Thank you for the solo music, Agnetha
An Abba reunion may be on the cards, but I'd be content with Ms Fältskog's last collection, the best album of the noughties
So Agnetha Fältskog has said yes to an ABBA reunion. Or at least she has intimated that she would not, in the right circumstances, be averse to coming out of seclusion to participate in an event that would be worth millions. Those who have spent the last six years listening to her most recent solo album would claim, however, that Agnetha can do very well indeed without whatever a reunion with Björn, Benny and Frida might bring. The collection of songs titled My Colouring Book, which she conceived, produced and released in 2004, provides all the evidence anyone could need that she is an independent, free-standing artist of great imagination and resource, who has no need of the ABBA formula in order to thrive.
I like all sorts of stuff, some of it quite "difficult", some not. But if I had to nominate the one album that made the first decade of the 21st century completely worthwhile, it might very well be Agnetha's effort, the product of a perfectly attuned old-school pop sensibility and the default setting in many different iPod situations.
In the tradition of Bryan Ferry's These Foolish Things and David Bowie's Pin-Ups, My Colouring Book is a collection of songs that meant a great deal to Fältskog during her adolescence. She is 60 now, which means that they come from the 1960s – but the 60s of a young girl who was falling in love with music before the Beatles came along.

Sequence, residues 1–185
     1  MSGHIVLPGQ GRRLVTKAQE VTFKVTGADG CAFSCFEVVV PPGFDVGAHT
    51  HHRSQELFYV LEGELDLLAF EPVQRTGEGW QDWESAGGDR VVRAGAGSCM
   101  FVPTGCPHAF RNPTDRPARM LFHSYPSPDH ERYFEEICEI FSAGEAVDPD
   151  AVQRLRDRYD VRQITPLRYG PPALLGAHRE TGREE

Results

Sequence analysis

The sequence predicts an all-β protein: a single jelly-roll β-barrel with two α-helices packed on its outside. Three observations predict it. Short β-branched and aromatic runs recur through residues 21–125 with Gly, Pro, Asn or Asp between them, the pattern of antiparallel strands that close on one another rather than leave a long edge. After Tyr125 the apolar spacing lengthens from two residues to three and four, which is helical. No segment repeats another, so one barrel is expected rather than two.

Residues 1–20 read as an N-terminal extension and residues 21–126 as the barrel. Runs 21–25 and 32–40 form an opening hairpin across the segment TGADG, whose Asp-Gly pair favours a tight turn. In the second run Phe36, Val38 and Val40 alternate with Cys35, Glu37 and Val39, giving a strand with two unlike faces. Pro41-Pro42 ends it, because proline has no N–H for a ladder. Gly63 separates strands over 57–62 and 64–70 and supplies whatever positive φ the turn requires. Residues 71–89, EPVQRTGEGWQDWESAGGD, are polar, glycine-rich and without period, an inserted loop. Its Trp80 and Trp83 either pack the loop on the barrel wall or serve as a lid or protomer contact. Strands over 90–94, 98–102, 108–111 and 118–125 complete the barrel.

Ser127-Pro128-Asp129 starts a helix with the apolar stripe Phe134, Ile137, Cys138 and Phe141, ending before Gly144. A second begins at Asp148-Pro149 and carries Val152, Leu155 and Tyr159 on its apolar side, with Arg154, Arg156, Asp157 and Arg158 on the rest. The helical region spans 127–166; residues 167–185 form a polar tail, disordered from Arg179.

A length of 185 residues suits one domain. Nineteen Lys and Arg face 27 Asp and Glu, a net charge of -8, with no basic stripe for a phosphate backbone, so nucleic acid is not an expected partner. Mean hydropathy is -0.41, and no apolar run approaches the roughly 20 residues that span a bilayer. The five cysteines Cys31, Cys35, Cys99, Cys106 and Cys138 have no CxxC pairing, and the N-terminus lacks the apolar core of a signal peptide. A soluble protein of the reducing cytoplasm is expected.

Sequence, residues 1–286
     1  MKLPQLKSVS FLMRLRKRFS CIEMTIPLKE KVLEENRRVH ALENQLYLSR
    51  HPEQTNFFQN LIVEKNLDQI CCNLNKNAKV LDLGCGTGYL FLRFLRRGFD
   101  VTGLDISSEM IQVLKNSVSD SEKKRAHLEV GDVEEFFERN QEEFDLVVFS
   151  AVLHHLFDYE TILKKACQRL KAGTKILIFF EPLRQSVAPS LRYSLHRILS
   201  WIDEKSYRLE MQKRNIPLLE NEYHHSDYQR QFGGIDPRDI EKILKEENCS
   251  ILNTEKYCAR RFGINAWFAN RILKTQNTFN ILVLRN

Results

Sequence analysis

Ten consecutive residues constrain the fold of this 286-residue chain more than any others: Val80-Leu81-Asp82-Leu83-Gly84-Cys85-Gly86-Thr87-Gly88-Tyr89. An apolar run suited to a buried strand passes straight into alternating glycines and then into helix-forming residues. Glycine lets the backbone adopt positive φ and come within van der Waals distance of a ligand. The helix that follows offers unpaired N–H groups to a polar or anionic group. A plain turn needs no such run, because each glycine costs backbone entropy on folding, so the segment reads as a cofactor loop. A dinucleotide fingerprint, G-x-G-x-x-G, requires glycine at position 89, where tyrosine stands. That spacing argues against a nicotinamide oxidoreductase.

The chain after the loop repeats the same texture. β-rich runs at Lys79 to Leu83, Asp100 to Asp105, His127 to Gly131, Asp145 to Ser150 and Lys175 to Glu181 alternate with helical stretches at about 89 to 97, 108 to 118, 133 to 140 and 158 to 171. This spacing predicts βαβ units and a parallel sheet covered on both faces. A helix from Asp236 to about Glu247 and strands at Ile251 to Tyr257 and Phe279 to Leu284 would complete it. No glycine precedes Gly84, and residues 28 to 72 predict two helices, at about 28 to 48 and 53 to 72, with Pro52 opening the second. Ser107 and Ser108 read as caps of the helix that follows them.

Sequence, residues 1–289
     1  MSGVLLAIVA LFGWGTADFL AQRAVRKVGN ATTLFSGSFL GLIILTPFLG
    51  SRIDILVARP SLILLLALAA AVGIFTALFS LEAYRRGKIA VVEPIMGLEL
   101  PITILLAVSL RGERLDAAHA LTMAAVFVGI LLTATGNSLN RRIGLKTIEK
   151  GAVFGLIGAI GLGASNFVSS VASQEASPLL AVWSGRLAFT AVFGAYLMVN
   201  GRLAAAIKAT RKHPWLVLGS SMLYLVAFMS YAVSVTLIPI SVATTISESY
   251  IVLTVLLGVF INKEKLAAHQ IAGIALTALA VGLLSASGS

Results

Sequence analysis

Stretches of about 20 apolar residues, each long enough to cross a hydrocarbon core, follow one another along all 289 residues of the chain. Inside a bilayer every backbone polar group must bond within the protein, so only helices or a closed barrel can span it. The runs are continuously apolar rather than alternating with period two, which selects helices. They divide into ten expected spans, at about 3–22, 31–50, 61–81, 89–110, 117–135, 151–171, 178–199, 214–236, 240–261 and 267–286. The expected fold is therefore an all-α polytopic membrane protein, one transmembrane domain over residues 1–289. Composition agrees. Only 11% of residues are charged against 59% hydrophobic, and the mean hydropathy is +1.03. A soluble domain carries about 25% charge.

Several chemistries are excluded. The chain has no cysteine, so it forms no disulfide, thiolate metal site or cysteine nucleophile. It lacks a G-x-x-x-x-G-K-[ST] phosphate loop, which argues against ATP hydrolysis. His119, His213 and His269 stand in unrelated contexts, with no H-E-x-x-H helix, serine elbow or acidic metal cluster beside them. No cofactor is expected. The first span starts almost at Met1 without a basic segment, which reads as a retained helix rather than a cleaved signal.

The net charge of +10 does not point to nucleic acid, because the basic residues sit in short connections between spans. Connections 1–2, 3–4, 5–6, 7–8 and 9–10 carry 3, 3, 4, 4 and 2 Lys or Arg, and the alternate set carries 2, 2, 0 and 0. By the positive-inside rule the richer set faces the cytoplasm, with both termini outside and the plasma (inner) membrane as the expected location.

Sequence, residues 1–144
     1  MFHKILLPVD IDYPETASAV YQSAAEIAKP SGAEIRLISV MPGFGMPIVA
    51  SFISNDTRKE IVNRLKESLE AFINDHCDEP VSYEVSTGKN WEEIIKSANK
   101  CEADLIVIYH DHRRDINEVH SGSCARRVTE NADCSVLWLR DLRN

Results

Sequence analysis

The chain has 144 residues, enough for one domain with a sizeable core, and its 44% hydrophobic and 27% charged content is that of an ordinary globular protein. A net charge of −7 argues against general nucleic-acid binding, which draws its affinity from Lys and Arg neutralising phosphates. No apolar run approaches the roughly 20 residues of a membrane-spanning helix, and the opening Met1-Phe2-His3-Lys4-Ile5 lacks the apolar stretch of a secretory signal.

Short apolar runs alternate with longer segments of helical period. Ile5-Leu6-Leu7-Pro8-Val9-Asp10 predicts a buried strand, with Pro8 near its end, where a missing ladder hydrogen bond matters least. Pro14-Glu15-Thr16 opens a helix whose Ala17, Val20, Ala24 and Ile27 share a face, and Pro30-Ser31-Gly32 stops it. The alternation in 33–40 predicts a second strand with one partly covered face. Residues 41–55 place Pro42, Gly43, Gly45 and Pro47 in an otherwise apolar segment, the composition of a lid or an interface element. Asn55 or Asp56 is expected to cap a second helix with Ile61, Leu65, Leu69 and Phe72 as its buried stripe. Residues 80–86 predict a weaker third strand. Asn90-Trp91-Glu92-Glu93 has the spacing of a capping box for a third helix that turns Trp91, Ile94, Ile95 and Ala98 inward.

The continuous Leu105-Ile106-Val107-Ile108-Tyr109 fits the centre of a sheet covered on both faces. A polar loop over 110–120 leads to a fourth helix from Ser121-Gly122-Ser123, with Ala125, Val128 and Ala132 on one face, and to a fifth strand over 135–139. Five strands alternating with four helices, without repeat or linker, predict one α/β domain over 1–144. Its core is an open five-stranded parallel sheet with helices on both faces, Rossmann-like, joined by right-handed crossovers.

This is the purest of pop, beautifully realised, and it is very easy, when listening to her versions of If I Thought You'd Ever Change Your Mind, Love Me With All Your Heart, The End of the World, Remember Me or the album's title track, to summon up a poignant image of the young Agnetha at home in her bedroom, spinning the versions by Cilla Black, Petula Clark, Skeeter Davis, Sandie Shaw and Dusty Springfield, letting every note and every word engrave itself on her heart, identifying with seemingly evanescent emotions and imagining life and loves to come.
Maybe you need a sweet tooth to get full value from this, but there is nothing soft-centred about her versions of What Now, My Love or the Shangri-Las' epic Past, Present and Future. Jackie DeShannon's When You Walk in the Room would be a great song in almost any hands (not least for my all-time favourite couplet: "I close my eyes for a second and pretend it's me you want / Meanwhile I try to act so nonchalant") and Agnetha's definitive reading trounces not only the composer's original but subsequent versions by the Searchers, Bruce Springsteen (in concert) and Paul Carrack.
This is the music of the girl who grew up, sadder and wiser, to sing The Day Before You Came, Benny and Björn's masterpiece. And I'd rather have a Volume 2 of My Colouring Book than any number of Abba reunions.